Confidence and optimism Creativity, innovation and entrepreneurial qualitiesin general, are involved in defining the qualities of social entrepreneurship in particular. Adequate identification of social entrepreneurs implies other personality traits. For example, a high level of confidence and optimism and the belief that things that initially seem unchanging can be changed enable the entrepreneur to focus on seemingly hopeless social issues. Passionate ways in which social entrepreneurs bring hope and new opportunities to society can only be effective if accompanied by their optimism. According to the psychologists, optimistic people are more willing to invest in new ideas or products, they are more persistent to achieve what they want to do, so optimism will lead to strong efforts which may lead to success. According to some specialists, optimism and trust are the foundation for the introduction of change in society and these two attributes are closely linked: Optimism shapes trust which, in turn, plays a powerful role in influencing civic activism. Cooperation If we look up the definition of cooperation we see that it is defined as the action of someone who is being helpful by doing what is wanted or asked for: common effort; but also as an association of persons for common benefit. Cooperation is undoubtedly the cornerstone of bottom-up social transformation. Individually, non-entrepreneurial executives, even if charismatic, usually only bring about short-term changes, which are largely based on personal energy and commitment. Unlike them, social entrepreneurs are willing to share their innovations and knowledge with others and replicate them. Social businesses, in their essence, have social collaboration. Social entrepreneurs prefer cooperation before competition. They strive to avoid competition and create pleasant, stress-free work environments. Building social capital is achieved through cooperation and collaboration. Belief to bring change What motivates social entrepreneurs? They are individuals who are driven by their mission, who believe in their ability to bring about change in society, even in the world. This belief is the reason for their persistence, perseverance, and commitment in pursuing the mission they have set themselves. Entrepreneurs are convinced that their ideas can bring about change, affecting key stakeholders, potential beneficiaries and, sometimes, an entire sector or market.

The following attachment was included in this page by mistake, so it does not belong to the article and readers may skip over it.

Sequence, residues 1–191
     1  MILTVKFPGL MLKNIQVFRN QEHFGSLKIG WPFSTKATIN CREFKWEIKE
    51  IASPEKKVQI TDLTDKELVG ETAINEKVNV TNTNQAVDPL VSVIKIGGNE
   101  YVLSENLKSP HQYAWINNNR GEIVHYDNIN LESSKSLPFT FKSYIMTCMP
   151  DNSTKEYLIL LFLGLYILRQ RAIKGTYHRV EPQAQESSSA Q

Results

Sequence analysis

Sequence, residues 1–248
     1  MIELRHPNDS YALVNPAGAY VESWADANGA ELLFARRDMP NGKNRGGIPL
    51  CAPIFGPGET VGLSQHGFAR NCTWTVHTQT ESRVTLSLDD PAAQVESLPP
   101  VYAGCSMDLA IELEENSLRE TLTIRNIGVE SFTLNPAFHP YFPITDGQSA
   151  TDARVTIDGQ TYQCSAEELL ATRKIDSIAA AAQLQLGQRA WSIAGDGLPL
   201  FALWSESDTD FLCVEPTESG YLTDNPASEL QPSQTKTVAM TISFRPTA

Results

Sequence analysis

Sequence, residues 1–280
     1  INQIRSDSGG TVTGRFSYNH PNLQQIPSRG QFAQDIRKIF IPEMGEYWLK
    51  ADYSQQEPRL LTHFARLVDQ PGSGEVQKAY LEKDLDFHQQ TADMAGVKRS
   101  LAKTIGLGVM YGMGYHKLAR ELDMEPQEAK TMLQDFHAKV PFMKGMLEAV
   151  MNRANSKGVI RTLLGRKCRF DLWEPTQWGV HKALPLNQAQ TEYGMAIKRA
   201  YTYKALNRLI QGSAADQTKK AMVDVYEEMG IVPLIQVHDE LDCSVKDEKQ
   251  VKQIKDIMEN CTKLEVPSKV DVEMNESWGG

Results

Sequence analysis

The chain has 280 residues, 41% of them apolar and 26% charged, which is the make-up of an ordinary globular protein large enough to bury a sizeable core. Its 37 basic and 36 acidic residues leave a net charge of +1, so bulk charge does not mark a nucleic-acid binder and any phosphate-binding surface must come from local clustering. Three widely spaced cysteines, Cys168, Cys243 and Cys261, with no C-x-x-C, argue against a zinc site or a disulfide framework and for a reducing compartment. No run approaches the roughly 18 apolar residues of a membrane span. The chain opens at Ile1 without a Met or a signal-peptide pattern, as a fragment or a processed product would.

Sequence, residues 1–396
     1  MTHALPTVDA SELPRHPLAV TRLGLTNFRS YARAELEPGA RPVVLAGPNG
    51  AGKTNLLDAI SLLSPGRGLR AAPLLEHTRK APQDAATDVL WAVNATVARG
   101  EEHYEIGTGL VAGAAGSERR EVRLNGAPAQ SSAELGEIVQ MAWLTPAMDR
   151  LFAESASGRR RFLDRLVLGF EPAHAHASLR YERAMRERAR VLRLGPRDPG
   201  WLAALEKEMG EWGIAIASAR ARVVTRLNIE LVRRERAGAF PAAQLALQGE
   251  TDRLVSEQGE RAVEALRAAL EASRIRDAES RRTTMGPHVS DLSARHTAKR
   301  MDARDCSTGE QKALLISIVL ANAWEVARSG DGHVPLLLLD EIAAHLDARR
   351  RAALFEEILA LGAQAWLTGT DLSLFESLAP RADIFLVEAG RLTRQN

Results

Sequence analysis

Social entrepreneurs also strongly believe that it is possible to make changes, not only in structures or procedures but, above all, in people's minds, so that they become the bearers of the new concept. In other words, they believe in the possibility of changing people and the whole world.

These were some of the main personality traits I have decided to discuss here today, but many other traits can be mention like: courage; perseverance, consciousness and discipline; patience; need for independence; empathy; high sense of social responsibility; unconventional prospective and many more. In conclusion, social entrepreneurs are people who are very much oriented towards social benefit rather than material benefit and who are keen and work hard to solve social problems of the society. They reveal main characteristics like creativity, innovation, perseverance, confidence and optimism and many other more, necessary for them to succeed in a competitive world and make it a better place to live.

Written by

Prof. Brunilda Paskali, Lecturer at the Economic Department - University College Wisdom (Albania). For the CSB project, participant in the Learning Mobility C2 in Covilhã at UBI University - Portugal, (November 2019).